UAMS, Project SEARCH 2024 Graduating Class Succeeds with Mutual Support, Energy

By Ben Boulden

During that time, LeAnn Robertson, UAMS Project SEARCH instructor/coordinator, said the interns were “passionate, enthusiastic, supportive and motivated.”

Project SEARCH Arkansas ACCESS Initiative, in partnership with Arkansas Rehabilitative Services (ARS), is for young adults with developmental disabilities. Interns participate in the program and work in various UAMS departments with the goal of gaining necessary skills to obtain competitive employment. Four of this year’s nine graduates already have secured employment in a variety of occupations.

UAMS Chancellor Cam Patterson, M.D., MBA, said that on his way to the graduation ceremony he rode up in the elevator with an alumnus of the program who is an employee of the university. He noted that two of the graduates of the inaugural class in 2013 still work at UAMS.

Patterson delivers opening remarks at the graduation ceremony of the Project SEARCH Class of 2024.

Patterson delivers opening remarks at the graduation ceremony of the Project SEARCH Class of 2024.Image by Even Lewis

Judy Smith, statewide coordinator for Project SEARCH Arkansas, said, “Our deputy commissioner recently told me that Project SEARCH is the most successful program of all the programs that we have, and the jobs that they’re getting are quality jobs.”

The highest earning graduate is making $18.08 an hour with a 401K as well as other benefits like paid time off. Most graduates earn an hourly wage above the $11 state minimum wage, she said.

The ceremony’s keynote speaker was Amanda Orgel, youth services coordinator for Central Arkansas Library System and mother of graduate, Theodore Ferguson.

She recounted her own challenges giving birth to him, his diagnosis and struggles in schools as well as his achievements. She said when she and her husband divorced a few years ago, “Teddy” had a difficult time coping with the split and with the death of his father after that.

“So, after some recovery time, I started reaching out to people I knew in the special needs community and was encouraged to look into Project SEARCH for Teddy,” Orgel said. “From day one when we showed up to the orientation evening, I knew that this was going to be a great program for him. I knew that it was a place where he was going to be set up for success.”

Succeed he did. Orgel said Ferguson had started his third internship rotation at UAMS when his supervisor in the first one in the Mail Room called him to offer him a permanent, full-time job there.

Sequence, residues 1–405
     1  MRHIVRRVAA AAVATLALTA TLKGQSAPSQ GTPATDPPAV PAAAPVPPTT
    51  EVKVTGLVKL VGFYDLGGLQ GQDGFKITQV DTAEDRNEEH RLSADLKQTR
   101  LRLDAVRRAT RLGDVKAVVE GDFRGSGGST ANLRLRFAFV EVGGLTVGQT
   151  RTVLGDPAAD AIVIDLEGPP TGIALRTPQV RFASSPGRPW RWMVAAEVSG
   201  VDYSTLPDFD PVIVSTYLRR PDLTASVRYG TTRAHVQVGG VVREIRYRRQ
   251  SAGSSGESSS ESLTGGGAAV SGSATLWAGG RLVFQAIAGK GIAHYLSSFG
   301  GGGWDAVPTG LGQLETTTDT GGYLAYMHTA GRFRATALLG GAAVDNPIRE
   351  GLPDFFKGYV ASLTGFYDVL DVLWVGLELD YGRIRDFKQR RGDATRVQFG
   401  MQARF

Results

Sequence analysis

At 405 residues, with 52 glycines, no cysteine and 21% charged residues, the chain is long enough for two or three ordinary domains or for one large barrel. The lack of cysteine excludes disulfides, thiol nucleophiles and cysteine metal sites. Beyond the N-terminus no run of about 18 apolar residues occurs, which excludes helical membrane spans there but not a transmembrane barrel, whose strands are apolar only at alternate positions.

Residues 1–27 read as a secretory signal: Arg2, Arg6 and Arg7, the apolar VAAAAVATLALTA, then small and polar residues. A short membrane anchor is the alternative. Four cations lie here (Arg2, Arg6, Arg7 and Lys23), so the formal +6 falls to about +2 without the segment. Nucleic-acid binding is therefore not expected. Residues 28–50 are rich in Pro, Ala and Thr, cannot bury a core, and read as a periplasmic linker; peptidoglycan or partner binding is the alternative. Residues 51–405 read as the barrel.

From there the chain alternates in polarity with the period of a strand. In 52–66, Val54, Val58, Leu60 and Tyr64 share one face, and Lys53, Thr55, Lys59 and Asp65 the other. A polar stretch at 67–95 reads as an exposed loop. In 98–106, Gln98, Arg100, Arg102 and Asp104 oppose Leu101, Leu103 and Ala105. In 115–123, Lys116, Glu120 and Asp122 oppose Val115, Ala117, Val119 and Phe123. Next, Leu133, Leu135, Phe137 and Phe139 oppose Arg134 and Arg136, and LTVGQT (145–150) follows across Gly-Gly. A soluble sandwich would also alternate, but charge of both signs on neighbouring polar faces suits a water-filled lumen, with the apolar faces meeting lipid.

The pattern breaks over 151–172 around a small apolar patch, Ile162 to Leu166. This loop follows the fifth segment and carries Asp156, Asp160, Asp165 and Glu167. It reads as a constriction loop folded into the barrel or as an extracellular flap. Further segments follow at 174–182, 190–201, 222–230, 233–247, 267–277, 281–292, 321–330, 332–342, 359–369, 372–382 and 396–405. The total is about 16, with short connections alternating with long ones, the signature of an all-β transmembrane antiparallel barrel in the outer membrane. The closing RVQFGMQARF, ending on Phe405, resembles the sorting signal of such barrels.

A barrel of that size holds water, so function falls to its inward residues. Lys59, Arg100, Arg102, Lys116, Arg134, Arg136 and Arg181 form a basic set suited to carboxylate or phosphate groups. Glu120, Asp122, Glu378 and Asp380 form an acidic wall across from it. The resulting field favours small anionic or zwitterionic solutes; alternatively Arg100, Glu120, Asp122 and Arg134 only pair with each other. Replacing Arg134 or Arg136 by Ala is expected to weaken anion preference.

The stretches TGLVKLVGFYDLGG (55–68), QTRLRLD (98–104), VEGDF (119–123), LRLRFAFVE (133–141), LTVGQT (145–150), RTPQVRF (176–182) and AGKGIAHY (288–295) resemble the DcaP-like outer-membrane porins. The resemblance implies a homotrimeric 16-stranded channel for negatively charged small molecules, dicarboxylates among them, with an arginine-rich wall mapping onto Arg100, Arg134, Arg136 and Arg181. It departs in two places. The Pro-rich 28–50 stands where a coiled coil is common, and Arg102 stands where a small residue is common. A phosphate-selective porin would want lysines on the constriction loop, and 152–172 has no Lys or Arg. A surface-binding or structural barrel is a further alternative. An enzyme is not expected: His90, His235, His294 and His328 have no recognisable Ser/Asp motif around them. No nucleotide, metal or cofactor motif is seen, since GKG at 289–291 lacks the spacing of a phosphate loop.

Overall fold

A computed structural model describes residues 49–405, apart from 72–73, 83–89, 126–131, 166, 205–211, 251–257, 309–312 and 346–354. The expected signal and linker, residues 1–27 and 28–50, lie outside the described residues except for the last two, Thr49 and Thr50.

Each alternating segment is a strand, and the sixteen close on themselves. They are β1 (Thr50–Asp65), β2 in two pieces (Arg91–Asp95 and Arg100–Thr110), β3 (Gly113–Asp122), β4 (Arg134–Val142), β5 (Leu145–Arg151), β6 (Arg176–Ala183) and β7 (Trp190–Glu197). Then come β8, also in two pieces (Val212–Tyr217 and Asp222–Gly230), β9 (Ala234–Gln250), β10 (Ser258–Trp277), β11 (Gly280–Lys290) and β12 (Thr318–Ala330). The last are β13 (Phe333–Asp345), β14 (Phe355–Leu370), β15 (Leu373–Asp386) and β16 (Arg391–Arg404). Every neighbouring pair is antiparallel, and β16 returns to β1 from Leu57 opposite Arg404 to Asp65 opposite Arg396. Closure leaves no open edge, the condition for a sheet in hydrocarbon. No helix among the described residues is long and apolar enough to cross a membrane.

“I really haven’t seen him this happy in in years, and so I’m real proud of him. And just a little thing, I’m going to put out there, because it made me very proud. Teddy, for the first time, on May 1, paid his very own rent out of money that he made and earned in his job,” she said.

Amanda Orgel, left, and her son, Teddy Ferguson. Orgel was the keynote speaker and Ferguson was a graduate of Project SEARCH. Image by Evan Lewis

Amanda Orgel, left, and her son, Teddy Ferguson. Orgel was the keynote speaker and Ferguson was a graduate of Project SEARCH. Image by Evan Lewis

UAMS was the first Project SEARCH site in Arkansas, and now there are seven. Of its 346 graduates, 321 have found jobs. Orgel said the ultimate goal of the program is for the students in it to find meaningful employment.

“And I believe that’s what Teddy has found in this job that he’s in now is productive and meaningful employment,” she added. “And so, thank you Project SEARCH. Thank you, UAMS. I couldn’t be prouder.”

The 2024 graduates as they received their certificates were:

  • Theodore Ferguson
  • Taylor Frerking
  • Makayla Hill
  • Diamond Kelley
  • Jesse McDonald
  • Lauren Motes
  • Caleb Muhammad
  • Michael Orlen
  • Luke Siria

After they in turn accepted their certificates, each graduate described in what departments and offices they had worked at UAMS, what their responsibilities were, and also thanked their mentors.


The internships widely vary, ranging from rotations in patient transport and nutrition services to human resources and classroom technology. They also learn the importance of general job skills like punctuality, courtesy and communication along with practice and instruction in interviewing for a position.


“There were hardships, and many times I felt like I wanted to give up, though through my perseverance and will, I pushed through,” Orlen said. “I was able to stand on the stage with everyone else in my life. I felt that I never belonged, like I was an outcast, until I was offered Project SEARCH. At first, I felt isolated and alone, though as time went on, I felt more included in stuff and generally put in more effort to change.”

Robertson praised the entire class of 2024 for the mutual aid and support they offered to each other for their individual and for their collective successes.

“They supported each other in expressing their feelings. They are a close-knit group. They pushed each other up to be better. The confidence they have today is so much stronger than they came in with. Their bonds will continue, and they will continue to support each other,” Robertson said.